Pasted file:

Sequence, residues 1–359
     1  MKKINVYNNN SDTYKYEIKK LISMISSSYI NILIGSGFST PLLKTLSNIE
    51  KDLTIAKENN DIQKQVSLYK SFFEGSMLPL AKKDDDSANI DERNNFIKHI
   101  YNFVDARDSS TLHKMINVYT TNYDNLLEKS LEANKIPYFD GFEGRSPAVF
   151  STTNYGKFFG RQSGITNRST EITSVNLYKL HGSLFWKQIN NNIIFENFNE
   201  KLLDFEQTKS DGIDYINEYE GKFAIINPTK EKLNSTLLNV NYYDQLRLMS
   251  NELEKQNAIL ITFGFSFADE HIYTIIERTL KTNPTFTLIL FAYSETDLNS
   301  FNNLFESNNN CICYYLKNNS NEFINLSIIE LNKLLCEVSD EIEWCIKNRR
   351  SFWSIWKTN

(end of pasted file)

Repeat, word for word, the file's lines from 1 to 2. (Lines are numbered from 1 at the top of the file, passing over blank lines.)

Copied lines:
Sequence, residues 1–359
     1  MKKINVYNNN SDTYKYEIKK LISMISSSYI NILIGSGFST PLLKTLSNIE